Deglutition after near-fatal choking episode: radiologic evaluation
Research output: Contribution to journal › Article
Acute airway obstruction during oral intake is a relatively common event that may be fetal if not relieved immediately. Deglutition was studied in 75 individuals who had experienced a near-fatal choking episode (NFCE) or sudden inability to breathe during food intake that was promptly relieved by means of a Heimlich maneuver, suctioning, or intubation. Videofluoroscopy supplemented by static imaging revealed abnormal stages of deglutition in 58 individuals: oral, 32; pharyngeal, 19; pharyngoesophageal segment (PES), 28; and esophageal, 23. Forty individuals aspirated a liquid bolus; this was more often due to oral dysfunction (bolus leakage, n = 17; delayed initiation, n = 18) than pharyngeal abnormality (defective closure, n = 13; incomplete transport, n = 9). Oral-stage dysfunction was common in those with neurologic disease, a history of dysphagia, and structural or motor abnormalities of the PES or esophagus. Fourteen patients were able to vocalize during the NFCE, and each demonstrated an abnormality of the PES or esophagus that could obstruct a solid bolus, suggesting that symptoms were not due to airway obstruction. A variety of unsuspected deglutition abnormalities were documented, indicating the usefulness of radiographic evaluation after NFCE.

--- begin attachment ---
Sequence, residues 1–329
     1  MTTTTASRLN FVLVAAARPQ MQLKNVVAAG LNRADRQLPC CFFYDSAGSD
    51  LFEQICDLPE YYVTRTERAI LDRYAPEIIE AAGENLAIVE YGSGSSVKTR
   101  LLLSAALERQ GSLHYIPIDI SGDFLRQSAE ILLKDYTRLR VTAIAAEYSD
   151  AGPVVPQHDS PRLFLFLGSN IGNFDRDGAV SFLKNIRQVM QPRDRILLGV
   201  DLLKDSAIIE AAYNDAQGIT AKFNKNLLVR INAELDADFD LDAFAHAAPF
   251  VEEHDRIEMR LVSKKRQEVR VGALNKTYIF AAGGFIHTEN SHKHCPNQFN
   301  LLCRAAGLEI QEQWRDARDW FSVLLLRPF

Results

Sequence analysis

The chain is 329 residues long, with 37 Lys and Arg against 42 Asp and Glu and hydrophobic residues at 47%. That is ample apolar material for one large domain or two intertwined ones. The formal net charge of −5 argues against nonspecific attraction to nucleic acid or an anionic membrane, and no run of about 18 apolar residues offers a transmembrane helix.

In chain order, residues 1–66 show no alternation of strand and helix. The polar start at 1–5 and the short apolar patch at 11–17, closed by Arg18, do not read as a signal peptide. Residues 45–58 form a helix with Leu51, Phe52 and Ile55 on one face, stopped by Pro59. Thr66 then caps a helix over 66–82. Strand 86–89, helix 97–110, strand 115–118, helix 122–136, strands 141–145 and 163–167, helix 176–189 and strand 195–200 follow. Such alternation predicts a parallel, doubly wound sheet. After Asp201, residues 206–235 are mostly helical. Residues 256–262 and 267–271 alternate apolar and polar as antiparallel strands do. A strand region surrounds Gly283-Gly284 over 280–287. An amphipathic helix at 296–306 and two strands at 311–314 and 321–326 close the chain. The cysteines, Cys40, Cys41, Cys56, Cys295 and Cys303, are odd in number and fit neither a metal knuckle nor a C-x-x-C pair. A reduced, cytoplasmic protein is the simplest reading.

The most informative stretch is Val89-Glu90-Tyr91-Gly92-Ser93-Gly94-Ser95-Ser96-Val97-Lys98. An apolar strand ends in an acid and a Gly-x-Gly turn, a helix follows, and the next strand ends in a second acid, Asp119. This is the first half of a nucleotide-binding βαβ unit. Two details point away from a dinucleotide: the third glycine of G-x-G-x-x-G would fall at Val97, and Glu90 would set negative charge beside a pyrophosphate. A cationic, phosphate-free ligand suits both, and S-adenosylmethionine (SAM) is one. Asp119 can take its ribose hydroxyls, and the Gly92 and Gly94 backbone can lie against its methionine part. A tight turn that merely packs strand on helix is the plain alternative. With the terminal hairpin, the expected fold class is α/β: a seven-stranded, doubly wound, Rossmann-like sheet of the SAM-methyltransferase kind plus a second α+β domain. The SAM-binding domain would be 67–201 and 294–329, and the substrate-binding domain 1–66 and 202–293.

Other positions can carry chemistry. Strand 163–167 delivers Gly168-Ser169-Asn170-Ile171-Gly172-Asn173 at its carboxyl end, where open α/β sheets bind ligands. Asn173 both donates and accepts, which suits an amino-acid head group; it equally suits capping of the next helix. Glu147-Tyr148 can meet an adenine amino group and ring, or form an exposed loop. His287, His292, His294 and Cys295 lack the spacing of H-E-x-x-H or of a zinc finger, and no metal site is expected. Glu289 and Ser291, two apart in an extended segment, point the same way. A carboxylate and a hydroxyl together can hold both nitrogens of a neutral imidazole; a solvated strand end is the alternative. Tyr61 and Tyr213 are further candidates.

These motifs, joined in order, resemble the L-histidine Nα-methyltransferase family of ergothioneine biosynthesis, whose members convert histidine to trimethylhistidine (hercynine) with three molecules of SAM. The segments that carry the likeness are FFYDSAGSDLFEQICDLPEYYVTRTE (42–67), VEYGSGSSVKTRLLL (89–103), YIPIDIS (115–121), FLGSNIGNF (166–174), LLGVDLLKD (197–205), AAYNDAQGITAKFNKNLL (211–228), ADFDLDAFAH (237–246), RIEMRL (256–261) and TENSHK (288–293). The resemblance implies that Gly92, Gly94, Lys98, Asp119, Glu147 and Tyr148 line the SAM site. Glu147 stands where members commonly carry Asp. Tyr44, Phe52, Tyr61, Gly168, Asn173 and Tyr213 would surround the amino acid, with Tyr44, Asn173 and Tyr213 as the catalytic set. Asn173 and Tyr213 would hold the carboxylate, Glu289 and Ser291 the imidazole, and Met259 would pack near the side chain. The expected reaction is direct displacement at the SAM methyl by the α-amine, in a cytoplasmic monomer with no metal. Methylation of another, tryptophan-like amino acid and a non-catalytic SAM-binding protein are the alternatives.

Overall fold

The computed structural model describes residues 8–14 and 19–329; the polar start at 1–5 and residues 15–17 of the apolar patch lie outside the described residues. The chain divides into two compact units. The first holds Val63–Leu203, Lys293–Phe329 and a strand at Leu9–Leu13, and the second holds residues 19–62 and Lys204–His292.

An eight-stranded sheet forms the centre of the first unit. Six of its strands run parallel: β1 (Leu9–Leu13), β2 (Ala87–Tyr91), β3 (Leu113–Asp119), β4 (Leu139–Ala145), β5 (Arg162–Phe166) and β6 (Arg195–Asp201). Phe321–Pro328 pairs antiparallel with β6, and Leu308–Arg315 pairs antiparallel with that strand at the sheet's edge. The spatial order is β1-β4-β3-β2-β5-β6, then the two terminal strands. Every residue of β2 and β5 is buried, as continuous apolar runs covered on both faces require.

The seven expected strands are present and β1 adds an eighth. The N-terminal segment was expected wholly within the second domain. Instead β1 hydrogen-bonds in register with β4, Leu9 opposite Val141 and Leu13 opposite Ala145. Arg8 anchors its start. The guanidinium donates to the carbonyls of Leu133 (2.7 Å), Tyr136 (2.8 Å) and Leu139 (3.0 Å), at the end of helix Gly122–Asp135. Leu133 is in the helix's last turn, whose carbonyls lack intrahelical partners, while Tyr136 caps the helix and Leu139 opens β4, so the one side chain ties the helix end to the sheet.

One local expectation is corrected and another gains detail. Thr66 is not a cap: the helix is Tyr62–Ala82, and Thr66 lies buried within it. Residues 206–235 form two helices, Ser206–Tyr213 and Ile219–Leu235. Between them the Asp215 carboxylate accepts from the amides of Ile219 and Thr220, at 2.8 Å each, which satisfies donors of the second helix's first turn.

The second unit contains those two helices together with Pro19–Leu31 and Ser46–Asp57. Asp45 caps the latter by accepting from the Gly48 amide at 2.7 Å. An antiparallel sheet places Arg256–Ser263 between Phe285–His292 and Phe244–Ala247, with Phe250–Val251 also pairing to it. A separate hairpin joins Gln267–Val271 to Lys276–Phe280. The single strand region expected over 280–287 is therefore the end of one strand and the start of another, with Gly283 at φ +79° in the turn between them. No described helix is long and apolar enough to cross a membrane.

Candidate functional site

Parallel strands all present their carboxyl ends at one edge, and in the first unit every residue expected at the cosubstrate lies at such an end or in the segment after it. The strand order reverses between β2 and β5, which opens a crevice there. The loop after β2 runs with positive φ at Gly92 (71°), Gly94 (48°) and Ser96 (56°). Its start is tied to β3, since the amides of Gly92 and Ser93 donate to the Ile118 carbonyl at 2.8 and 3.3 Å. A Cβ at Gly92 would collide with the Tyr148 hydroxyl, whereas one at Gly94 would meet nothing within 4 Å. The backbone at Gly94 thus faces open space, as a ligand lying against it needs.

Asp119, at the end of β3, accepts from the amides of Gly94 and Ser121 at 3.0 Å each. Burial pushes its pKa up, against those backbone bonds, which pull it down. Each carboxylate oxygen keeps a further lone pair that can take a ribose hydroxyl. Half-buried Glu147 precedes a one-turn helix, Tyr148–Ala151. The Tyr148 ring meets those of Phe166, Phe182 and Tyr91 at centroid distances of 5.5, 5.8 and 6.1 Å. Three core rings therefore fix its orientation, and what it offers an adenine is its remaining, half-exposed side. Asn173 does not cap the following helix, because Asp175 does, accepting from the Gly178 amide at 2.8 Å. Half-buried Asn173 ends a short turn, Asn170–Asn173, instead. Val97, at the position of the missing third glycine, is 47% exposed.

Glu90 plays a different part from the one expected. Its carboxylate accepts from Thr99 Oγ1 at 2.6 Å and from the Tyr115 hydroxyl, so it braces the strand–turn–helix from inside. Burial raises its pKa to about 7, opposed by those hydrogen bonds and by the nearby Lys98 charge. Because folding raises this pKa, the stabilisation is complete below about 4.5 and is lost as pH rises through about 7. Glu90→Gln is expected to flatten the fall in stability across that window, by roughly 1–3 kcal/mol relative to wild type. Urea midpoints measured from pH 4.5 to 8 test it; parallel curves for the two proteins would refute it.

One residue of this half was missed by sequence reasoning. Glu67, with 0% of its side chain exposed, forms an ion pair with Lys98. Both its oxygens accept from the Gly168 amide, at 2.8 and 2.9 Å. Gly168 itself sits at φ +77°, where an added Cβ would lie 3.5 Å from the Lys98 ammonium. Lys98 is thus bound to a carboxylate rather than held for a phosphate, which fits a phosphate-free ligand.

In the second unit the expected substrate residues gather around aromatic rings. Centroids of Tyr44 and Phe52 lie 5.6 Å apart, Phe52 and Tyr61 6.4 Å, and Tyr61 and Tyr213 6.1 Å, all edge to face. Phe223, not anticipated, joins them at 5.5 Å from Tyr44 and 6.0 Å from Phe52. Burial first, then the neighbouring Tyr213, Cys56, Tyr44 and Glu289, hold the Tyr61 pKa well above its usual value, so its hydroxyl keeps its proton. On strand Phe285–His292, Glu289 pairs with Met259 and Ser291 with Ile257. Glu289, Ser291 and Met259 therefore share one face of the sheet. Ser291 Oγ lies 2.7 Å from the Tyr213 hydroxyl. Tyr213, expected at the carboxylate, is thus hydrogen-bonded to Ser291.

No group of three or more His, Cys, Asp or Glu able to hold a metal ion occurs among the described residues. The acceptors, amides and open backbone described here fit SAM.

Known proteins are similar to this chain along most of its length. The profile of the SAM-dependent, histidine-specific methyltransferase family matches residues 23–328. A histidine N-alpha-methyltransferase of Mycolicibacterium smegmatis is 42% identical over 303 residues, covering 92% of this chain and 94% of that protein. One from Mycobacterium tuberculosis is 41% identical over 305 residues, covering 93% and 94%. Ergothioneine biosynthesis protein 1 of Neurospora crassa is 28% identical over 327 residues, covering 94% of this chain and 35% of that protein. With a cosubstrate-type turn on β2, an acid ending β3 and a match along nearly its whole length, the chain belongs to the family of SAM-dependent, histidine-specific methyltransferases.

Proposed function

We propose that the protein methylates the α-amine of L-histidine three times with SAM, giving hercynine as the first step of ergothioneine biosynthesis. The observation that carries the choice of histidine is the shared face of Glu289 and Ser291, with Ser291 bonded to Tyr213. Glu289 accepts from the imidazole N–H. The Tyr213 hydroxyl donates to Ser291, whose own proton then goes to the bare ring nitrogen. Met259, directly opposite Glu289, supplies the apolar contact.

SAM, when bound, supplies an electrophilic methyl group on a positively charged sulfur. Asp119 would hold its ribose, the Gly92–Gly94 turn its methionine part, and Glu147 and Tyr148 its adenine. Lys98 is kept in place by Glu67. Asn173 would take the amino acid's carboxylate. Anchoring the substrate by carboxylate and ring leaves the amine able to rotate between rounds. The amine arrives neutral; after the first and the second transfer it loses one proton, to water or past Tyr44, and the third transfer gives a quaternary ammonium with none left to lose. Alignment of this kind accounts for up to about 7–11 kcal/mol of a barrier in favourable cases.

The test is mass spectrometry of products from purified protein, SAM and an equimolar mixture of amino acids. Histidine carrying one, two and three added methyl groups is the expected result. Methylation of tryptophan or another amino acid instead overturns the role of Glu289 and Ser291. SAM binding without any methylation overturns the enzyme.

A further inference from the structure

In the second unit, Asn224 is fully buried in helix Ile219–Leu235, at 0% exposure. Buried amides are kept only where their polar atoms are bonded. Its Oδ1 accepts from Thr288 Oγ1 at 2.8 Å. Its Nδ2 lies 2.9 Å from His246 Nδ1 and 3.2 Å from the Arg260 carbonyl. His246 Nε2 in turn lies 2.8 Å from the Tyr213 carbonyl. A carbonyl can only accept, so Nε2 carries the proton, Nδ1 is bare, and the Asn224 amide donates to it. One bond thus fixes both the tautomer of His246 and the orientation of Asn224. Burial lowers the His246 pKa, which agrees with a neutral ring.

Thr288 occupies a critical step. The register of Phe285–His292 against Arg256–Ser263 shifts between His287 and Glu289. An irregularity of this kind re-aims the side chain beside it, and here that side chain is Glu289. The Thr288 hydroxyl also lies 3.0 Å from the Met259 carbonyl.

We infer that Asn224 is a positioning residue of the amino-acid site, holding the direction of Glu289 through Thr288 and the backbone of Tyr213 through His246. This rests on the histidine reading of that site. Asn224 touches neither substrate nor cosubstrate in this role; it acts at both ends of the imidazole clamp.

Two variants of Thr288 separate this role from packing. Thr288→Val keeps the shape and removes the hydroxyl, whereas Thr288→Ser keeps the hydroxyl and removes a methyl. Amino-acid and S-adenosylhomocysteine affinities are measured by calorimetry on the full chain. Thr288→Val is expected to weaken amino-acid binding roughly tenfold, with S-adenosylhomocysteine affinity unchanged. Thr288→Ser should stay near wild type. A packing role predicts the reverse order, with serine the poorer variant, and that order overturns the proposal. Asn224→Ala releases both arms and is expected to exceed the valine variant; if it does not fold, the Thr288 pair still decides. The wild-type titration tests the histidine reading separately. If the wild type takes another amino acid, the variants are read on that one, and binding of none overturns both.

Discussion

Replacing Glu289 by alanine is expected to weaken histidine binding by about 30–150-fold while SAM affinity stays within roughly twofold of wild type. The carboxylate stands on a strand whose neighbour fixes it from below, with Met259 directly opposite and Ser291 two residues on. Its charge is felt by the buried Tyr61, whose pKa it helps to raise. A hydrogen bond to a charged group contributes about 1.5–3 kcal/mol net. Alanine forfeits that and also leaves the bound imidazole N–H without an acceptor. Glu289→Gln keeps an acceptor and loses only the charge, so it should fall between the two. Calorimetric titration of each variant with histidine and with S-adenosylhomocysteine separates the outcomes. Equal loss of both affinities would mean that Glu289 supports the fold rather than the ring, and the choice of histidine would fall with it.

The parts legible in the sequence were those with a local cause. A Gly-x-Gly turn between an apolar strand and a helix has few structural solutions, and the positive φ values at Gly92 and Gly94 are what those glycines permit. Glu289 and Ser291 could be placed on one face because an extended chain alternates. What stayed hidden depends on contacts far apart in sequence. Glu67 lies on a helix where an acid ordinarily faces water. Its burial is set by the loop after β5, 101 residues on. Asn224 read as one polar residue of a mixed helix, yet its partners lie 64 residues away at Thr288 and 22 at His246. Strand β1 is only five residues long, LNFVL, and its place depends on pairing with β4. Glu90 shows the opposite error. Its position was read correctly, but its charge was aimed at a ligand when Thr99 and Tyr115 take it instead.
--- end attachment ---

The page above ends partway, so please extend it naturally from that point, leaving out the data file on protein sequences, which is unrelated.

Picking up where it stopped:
|Research areas and keywords||
Subject classification (UKÄ) – MANDATORY
|Publication status||Published - 1990|